The Ice Age: Causes and Consequences | The Institute for Creation Research

The Ice Age: Causes and Consequences

The Ice Age has been a longstanding problem for uniformitarian thinking, with many unsolved mysteries. No mere tweaking of today's climate conditions would cause such a catastrophe. A creationist model based on the revealed events of Scripture, however, offers a possible answer.

The great Flood of Noah's day accomplished a complete reworking of earth's surface and an alteration of all its hydrologic and meteorlogic systems. The Ice Age likely occurred soon after the Flood, perhaps in the days of Job, for references to ice and snow abound in his book (see, for example, Job 38:29). Job didn't live in a glaciated area, but he evidently knew about icy conditions farther north.

The key to the Ice Age was temperature--not cold, but warm. Ice comes from snow, and snow from moisture in the air, which in turn comes through evaporation, which comes from warm water. The Flood oceans were quite warm due to the introduction of huge volumes of superheated water from the "fountains of the great deep" (Genesis 7:11) and frictional heating by shifting continents, etc.

Warmer water evaporates much more rapidly than cold. The immediate post-Flood time was marked by frequent major storms fed by excessive evaporation. Polar ice caps built up as water vapor condensed and fell as snow. Pressure packed it into ice, which spread as glaciers. The earth was not completely frozen, but the polar ice caps were much larger then. Large-scale volcanism in the Flood's latter stages clouded the atmosphere with volcanic dust, reflecting solar radiation back into space. This prohibited snow and ice from melting.

The Ice Age commenced and continued until the oceans gave up their excess heat and the atmosphere cleared. Water trapped as ice on the continents lowered the sea level by an estimated four to six hundred feet, no doubt exposing the continental shelves. During the Ice Age, all the continents were probably connected by land bridges.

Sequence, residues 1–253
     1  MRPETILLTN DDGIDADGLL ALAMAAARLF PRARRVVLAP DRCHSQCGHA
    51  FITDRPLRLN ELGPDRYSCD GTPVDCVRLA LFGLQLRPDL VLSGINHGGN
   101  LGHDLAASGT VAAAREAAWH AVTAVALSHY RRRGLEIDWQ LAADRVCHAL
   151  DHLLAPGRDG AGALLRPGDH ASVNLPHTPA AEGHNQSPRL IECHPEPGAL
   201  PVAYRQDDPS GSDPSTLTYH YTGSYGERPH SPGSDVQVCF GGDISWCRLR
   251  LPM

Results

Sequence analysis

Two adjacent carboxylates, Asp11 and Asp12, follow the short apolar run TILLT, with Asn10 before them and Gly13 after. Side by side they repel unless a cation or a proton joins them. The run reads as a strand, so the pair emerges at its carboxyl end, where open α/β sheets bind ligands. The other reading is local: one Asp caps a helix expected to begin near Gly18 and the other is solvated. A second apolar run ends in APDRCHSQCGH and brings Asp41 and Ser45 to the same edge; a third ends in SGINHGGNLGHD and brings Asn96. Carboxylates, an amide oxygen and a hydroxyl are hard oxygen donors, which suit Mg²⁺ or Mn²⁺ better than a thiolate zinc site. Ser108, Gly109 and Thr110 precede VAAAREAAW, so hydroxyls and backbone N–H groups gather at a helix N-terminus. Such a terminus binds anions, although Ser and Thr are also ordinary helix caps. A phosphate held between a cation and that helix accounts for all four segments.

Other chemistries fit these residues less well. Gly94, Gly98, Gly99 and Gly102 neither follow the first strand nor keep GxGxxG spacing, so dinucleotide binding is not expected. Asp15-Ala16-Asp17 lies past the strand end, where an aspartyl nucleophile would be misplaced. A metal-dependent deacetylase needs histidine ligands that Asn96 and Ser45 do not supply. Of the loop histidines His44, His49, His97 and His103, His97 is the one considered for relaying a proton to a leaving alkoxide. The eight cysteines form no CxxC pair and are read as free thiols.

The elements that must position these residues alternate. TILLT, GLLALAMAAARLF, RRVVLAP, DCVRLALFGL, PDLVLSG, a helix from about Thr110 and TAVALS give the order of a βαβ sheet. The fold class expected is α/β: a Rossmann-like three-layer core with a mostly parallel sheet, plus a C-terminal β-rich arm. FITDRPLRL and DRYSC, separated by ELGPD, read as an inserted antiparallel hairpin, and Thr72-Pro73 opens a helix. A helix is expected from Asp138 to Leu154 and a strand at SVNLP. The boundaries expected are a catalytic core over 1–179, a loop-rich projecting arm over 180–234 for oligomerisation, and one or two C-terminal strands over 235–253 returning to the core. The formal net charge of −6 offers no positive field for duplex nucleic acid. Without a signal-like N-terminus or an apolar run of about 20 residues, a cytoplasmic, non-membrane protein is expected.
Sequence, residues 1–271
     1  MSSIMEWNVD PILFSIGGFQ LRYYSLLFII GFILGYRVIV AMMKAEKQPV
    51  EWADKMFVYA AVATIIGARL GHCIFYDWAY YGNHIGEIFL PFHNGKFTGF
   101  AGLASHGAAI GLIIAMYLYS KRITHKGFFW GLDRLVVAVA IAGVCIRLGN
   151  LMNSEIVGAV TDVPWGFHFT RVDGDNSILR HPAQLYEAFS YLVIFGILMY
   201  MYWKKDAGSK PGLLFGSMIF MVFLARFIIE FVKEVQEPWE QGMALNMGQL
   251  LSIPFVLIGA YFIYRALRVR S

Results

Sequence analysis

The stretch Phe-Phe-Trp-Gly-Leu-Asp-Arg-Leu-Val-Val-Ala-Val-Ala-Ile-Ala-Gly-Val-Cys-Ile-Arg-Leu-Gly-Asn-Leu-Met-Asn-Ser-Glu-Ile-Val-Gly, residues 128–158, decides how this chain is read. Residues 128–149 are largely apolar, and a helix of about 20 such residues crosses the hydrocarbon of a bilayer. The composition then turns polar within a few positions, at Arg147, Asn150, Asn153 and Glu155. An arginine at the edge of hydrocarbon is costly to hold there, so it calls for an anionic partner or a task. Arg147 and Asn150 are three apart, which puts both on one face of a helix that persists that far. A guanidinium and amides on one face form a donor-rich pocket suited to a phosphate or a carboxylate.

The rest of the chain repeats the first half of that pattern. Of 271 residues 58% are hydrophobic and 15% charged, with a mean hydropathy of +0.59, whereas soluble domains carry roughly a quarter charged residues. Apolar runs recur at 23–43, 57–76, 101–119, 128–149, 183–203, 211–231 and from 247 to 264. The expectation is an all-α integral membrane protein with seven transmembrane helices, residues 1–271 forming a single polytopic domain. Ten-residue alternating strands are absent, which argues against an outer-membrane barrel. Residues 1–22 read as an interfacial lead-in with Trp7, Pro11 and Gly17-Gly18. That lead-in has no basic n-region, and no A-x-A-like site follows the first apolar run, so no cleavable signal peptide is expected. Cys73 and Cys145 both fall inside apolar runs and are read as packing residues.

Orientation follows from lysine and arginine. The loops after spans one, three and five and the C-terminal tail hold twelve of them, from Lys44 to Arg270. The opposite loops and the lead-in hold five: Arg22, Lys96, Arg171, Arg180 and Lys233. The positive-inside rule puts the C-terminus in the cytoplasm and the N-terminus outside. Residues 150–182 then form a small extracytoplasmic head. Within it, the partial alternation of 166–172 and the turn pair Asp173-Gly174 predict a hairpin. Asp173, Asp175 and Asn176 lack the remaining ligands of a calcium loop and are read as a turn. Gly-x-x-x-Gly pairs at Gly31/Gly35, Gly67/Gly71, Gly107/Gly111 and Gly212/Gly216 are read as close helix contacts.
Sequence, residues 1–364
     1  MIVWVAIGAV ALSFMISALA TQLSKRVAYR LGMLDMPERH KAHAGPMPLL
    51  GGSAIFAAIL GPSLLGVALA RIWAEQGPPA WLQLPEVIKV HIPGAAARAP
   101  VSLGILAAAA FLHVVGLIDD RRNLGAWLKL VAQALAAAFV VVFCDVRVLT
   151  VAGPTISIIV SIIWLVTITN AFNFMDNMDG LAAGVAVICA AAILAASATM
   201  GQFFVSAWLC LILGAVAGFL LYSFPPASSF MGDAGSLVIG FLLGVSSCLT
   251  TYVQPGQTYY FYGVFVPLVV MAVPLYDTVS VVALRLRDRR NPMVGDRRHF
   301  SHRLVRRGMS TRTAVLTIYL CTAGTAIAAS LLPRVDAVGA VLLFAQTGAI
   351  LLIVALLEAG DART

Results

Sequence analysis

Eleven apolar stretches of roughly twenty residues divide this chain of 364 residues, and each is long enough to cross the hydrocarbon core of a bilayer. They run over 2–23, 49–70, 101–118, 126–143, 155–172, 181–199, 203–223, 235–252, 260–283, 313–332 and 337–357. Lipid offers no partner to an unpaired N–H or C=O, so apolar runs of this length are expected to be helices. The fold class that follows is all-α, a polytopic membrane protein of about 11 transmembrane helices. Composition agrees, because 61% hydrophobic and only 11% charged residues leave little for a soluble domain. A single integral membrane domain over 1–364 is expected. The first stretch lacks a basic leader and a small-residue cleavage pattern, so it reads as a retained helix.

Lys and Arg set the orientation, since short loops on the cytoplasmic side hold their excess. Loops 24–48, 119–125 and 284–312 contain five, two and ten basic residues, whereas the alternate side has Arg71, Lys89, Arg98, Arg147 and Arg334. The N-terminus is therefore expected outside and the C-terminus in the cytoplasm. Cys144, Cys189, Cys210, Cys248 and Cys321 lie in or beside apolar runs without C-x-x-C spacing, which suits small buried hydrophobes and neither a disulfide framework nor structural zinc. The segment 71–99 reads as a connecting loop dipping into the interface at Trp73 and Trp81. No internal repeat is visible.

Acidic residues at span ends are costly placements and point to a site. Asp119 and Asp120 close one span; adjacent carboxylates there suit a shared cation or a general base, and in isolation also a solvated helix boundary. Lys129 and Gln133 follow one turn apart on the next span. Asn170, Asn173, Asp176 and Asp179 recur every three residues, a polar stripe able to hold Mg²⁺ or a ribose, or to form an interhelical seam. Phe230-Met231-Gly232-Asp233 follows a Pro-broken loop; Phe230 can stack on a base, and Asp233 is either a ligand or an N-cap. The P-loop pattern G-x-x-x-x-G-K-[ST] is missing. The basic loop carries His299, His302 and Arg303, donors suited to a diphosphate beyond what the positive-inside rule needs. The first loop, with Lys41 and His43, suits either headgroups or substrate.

What happened when the Ice Age ended? The volume of ice returned to liquid form and reentered the ocean, raising sea level and drowning all areas near the ocean. Today, we find numerous remains of civilizations that evidently had been built in coastal areas soon after the Flood.

In recent years such ruins were found in the Black Sea, leading many to speculate that Noah's Flood was responsible. But this could not be. Ignored were waterborne sediments thousands of feet thick underneath the Black Sea that are the legacy of Noah's Flood. The ruins were built after Noah, but were inundated by major flooding as the rising Ice Age meltwater overtopped the natural dam near today’s Istanbul. A similar scenario explains the Mediterranean Sea. The rising waters breeched the "dam" at Gibraltar and flooded a low-lying floodplain with inland lakes. Great Britain was part of Europe. The Hudson Bay was dry. Large islands in the Pacific were connected with the mainland.

Genesis 10:25 states that in Peleg's day "was the earth divided." This certainly could not imply that in Peleg's day the Atlantic Ocean was opened up, for this would have caused another flood to rival Noah's. Perhaps what Scripture is saying is that in Peleg's day the Ice Age ended, increasing the volume of water in the oceans, raising sea level, drowning land bridges, and "dividing" the continents.

As the great Flood of Noah's day ended, God instructed the animals and man to multiply and occupy the entire planet. Man's refusal was overcome at Babel as God enforced migration, graciously working through nature, for at this time the Ice Age connected all the land, facilitating travel. As the globe filled with occupants, the ice melted, dividing the continents and trapping the migrants in place. God made it possible for both animals and man to obey His command.

* Dr. Morris is President of the Institute for Creation Research.

Cite this article: Morris, J. 2009. The Ice Age: Causes and Consequences. Acts & Facts. 38 (8): 15.

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